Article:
President Donald Trump on Sunday named new lawyers for his impeachment defense team, a move that comes one day after five known members left due to friction over the former president’s desire to focus on his election fraud claims rather than the constitutionality of convicting a former president.
Lawyers David Schoen and Bruce L. Castor, Jr., will now represent Trump.
"Schoen has already been working with the 45th President and other advisors to prepare for the upcoming trial, and both Schoen and Castor agree that this impeachment is unconstitutional - a fact 45 Senators voted in agreement with last week," according to a press release.
"It is an honor to represent the 45th President, Donald J. Trump, and the United States Constitution," said Schoen, according to the release.
"I consider it a privilege to represent the 45th President," Castor said. "The strength of our Constitution is about to be tested like never before in our history. It is strong and resilient. A document written for the ages, and it will triumph over partisanship yet again, and always."
Schoen has served as lead counsel in several high-profile cases, and has been honred for his work in changing public institutions in the South, including prisons, jails, public education, foster care and indigent defense. He also has represented victims of terrorism under the Anti-Terrorism Act. Schoen focuses on civil rights litigation in Alabama and federal criminal defense work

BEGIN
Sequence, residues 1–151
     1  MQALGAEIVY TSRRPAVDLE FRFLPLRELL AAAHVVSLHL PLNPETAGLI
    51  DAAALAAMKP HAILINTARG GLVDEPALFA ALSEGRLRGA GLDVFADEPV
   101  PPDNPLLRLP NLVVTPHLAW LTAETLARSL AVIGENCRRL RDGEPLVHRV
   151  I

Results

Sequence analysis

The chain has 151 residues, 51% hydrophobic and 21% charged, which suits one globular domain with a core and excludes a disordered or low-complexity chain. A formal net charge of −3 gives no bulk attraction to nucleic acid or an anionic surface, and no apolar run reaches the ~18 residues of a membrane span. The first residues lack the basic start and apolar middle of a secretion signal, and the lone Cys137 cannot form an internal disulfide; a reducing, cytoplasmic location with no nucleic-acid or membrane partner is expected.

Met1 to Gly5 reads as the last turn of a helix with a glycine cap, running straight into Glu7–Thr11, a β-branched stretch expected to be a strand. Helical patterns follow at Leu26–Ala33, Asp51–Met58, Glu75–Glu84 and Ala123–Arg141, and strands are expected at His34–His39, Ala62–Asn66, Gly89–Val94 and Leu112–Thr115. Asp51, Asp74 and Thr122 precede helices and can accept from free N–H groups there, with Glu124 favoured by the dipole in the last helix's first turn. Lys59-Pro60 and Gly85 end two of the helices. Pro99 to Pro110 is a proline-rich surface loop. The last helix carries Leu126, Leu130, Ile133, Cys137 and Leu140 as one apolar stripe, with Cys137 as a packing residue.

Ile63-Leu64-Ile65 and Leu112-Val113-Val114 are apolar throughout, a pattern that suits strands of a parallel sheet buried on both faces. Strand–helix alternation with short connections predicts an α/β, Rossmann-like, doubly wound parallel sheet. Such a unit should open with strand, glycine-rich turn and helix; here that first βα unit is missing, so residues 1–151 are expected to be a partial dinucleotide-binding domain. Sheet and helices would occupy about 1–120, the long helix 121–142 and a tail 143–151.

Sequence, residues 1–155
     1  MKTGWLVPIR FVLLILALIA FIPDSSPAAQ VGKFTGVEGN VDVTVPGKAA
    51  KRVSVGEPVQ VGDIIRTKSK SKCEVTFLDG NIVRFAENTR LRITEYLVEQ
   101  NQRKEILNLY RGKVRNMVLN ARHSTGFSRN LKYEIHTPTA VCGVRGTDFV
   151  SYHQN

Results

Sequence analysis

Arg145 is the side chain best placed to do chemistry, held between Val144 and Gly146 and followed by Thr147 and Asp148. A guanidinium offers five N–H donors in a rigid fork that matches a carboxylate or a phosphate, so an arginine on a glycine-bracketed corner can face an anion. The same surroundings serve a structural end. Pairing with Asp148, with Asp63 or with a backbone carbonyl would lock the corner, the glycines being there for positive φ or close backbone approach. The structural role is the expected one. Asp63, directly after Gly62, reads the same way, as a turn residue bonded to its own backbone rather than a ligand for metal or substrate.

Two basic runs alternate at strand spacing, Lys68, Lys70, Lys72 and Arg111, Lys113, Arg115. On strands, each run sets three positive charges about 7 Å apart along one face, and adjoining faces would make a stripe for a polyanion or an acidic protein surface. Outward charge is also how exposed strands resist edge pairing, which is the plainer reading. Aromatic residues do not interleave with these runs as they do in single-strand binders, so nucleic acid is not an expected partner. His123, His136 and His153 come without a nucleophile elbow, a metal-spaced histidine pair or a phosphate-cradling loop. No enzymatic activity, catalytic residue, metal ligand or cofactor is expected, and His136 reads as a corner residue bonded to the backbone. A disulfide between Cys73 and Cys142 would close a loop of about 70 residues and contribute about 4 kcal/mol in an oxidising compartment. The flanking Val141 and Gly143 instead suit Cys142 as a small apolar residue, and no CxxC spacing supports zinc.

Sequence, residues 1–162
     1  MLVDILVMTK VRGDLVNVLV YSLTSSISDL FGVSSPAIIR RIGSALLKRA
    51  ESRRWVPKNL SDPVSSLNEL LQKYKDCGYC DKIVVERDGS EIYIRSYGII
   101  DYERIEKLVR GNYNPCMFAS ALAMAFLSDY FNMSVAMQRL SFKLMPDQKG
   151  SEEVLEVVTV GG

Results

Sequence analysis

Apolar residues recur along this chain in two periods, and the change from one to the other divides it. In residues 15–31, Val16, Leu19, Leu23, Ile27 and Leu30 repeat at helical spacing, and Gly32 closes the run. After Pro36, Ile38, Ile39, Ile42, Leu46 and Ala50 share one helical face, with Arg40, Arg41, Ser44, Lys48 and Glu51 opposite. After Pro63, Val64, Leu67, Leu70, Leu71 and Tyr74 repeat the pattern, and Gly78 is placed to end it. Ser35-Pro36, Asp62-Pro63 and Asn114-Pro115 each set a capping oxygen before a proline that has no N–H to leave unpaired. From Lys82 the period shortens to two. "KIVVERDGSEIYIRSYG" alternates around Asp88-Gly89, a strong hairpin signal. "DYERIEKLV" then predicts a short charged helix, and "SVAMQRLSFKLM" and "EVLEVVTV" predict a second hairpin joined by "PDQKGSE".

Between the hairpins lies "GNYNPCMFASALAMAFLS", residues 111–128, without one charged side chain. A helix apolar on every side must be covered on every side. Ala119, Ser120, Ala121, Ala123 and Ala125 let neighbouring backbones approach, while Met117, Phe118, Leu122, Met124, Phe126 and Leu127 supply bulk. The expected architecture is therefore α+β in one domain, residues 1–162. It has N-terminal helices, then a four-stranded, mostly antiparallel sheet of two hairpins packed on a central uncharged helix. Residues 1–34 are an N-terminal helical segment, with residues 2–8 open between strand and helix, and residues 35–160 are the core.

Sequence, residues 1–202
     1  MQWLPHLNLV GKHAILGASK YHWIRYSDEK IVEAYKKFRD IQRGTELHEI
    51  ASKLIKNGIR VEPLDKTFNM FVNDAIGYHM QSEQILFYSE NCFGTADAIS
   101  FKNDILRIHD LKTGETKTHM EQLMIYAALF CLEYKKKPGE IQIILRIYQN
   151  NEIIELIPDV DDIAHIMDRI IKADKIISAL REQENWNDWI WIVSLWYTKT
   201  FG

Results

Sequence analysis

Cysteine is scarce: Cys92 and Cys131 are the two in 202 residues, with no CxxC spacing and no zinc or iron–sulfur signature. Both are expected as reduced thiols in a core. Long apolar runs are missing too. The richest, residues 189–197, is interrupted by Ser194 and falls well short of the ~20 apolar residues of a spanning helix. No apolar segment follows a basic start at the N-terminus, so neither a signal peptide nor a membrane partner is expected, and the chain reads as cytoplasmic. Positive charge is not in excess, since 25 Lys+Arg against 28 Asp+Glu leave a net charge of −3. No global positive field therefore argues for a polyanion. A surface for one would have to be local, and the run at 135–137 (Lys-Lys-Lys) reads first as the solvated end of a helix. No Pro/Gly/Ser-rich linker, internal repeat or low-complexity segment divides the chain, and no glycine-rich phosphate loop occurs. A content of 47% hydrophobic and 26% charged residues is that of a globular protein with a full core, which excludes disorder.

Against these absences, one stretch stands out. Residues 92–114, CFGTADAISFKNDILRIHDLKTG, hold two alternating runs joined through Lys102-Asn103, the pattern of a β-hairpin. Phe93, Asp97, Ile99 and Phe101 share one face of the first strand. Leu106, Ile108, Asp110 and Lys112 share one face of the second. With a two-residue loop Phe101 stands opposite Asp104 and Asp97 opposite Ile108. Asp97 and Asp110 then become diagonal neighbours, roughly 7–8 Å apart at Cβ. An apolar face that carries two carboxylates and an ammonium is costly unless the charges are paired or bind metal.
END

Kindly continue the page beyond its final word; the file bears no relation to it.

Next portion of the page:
Castor is former district attorney of Montgomery County, Pa., and former solicitor general and acting attorney general of Pennsylvania..
South Carolina lawyers Butch Bowers and Deborah Barbier and former federal prosecutors Greg Harris, Johnny Gasser and Josh Howard had left the team by Saturday, according to CNN.
"Trump wanted the attorneys to argue there was mass election fraud and it was stolen from him rather than focus on proposed arguments about constitutionality," tweeted CNN's Kaitlan Collins, who first reported the news on Bowers and Barbier.
Trump’s Senate trial is due to begin on Feb. 8.
He was impeached before he left office earlier this month for “incitement of insurrection. Over the U.S. Capitol riots, becoming the only president in U.S. history to have been impeached twice.
Most U.S. senators support an effort to dismiss Trump’s second impeachment trial, making it highly unlikely the upper chamber will vote to convict.
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